It’s a great gig, but when you audition for a band, you feel you’ve earned it. When you’re asked to join a band, you’ve got to prove yourself pretty quickly, because the rest of the band is looking at you, like, “Okay, we don’t have much time to replace you if you don’t cut it!”

But you were already in the “inner circle,” so there was never a chance that you’d be sent home, was there?
No, but it keeps you on your toes. It’s no different than trying to find band members in your own town. It’s like, “Who do you know?” “Well, I know this guy who plays with Droge. Let’s get him.” But yeah, there was no real threat.

So, what was Droge’s reaction?
Well… he was a bit pissed (laughs)! Pete had a good run and we were a tight band, committed to making it happen. But as we were approaching the end of a tour, the record company said, “Okay, that’s it.” And just before that, I had passed on the Sheryl gig because we were out, supporting a record and trying to make it work. Then, when Pete’s tour suddenly came to a halt, I was calling Sheryl’s people back, saying, “Umm, is that gig still available?” (laughs)!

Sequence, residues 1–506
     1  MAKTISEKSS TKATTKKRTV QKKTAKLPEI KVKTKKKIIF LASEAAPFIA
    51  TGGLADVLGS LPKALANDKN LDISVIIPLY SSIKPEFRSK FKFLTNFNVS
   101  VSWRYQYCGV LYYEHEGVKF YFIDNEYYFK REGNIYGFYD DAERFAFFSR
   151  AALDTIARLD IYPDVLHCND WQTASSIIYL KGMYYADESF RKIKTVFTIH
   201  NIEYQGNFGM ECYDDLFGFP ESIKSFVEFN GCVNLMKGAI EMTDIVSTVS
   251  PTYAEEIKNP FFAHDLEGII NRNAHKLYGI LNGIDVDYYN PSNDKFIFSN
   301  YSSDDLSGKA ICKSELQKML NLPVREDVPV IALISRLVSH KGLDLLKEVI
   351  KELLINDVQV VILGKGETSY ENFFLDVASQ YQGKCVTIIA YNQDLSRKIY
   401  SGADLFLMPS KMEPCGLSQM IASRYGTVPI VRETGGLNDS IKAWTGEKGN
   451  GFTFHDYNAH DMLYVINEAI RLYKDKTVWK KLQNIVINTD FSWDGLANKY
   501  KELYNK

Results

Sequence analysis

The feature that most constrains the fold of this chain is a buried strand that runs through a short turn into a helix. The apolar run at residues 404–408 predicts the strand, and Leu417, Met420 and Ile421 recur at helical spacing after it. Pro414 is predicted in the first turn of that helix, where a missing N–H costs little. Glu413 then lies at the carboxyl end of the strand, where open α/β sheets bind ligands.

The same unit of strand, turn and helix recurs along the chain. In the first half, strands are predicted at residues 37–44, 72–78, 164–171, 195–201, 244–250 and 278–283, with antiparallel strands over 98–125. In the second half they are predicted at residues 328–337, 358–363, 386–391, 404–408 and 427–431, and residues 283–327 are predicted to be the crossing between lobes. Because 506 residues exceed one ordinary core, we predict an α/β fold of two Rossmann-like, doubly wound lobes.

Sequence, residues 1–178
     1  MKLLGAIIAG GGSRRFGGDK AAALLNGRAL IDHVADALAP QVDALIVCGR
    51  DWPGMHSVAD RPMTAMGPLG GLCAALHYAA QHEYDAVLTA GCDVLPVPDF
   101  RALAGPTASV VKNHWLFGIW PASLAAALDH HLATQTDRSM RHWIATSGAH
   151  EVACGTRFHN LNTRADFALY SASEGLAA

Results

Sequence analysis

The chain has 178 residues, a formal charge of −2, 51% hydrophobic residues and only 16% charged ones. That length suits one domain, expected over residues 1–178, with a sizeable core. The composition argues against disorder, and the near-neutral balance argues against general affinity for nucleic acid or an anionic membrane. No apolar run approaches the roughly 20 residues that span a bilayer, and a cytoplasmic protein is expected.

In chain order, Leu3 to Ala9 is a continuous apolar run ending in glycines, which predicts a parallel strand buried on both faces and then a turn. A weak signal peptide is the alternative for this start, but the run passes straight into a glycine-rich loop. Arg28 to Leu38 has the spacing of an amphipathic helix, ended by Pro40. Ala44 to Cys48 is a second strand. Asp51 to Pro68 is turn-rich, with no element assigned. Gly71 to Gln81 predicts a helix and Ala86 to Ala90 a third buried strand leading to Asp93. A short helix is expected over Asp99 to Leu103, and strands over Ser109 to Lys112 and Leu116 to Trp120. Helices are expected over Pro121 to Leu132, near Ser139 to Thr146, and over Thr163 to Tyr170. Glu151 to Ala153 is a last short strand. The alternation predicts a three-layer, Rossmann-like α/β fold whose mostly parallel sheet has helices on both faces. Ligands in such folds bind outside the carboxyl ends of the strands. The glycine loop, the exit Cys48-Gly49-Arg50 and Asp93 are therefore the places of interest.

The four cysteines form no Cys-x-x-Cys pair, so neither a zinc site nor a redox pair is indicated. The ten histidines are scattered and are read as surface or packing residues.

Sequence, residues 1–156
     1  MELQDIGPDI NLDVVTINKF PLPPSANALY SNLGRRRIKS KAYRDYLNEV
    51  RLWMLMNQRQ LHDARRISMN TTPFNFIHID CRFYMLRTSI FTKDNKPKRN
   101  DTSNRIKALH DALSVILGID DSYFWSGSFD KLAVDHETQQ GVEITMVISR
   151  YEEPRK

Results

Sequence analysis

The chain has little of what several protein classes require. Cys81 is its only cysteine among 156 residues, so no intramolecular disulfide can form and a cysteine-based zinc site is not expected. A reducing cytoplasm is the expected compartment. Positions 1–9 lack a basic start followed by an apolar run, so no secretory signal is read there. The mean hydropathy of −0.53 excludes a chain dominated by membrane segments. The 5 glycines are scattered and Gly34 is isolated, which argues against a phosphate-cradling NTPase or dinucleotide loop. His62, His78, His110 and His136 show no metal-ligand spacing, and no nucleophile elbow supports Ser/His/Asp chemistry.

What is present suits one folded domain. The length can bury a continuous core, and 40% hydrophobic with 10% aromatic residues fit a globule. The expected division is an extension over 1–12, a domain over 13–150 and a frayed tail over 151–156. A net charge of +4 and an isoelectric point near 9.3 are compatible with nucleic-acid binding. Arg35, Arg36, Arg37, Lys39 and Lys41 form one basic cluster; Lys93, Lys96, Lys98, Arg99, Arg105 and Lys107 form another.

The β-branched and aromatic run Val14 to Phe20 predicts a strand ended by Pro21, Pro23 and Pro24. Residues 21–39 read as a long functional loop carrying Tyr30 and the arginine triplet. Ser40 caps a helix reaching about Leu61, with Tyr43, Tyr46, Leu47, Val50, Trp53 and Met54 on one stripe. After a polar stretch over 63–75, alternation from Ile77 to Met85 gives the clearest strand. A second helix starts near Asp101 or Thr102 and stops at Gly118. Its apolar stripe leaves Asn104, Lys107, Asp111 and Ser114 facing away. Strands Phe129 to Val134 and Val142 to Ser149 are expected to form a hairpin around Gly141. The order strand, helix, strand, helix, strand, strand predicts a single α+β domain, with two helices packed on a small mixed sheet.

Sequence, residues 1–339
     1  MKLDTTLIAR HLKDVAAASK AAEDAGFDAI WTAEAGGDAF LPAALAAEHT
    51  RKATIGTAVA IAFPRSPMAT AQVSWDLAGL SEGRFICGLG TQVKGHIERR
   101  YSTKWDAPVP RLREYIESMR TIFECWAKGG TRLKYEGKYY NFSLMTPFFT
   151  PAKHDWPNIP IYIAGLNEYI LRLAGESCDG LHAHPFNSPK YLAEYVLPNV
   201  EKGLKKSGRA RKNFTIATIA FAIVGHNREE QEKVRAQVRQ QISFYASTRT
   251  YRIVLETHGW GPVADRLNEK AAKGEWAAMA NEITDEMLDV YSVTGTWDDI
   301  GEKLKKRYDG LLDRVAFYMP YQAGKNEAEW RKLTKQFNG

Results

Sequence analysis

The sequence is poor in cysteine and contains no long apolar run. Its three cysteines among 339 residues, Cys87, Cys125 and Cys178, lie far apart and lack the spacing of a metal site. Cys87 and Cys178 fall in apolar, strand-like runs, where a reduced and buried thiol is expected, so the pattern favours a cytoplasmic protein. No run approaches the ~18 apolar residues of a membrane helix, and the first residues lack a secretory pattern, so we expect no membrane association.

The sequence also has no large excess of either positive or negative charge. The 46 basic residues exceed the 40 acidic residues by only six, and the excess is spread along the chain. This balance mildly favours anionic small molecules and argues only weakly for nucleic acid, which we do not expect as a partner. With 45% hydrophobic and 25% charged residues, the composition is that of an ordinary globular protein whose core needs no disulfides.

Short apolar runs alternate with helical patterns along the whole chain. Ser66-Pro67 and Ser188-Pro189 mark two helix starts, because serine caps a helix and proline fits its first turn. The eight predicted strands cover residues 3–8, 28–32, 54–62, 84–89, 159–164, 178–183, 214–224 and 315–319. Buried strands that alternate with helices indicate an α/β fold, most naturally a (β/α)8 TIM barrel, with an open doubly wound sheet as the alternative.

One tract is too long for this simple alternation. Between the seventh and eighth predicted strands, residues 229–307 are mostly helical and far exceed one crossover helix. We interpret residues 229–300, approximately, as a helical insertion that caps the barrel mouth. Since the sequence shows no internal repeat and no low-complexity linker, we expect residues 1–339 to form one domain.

I still work with Pete and we’re best of friends. He lives in Seattle and he’s recording stuff and making records all the time.

Which guitars were you playing while you were with Droge?
Back then it was just the ’57 Les Paul Custom and the Tele Custom. And now I’m one of those guys who changes guitars every song (laughs)! But for the right reasons!

When was your first tour with Sheryl?
January of ’99, on the first Globe Sessions tour, and it carried us through the end of year, when we finished with the “Sheryl Crow and Friends Live At Central Park” show. We had toured with the Stones in England, played Wembley Stadium, and had all these incredible experiences. That was a great year.

And right about then, you got a call from Don Henley?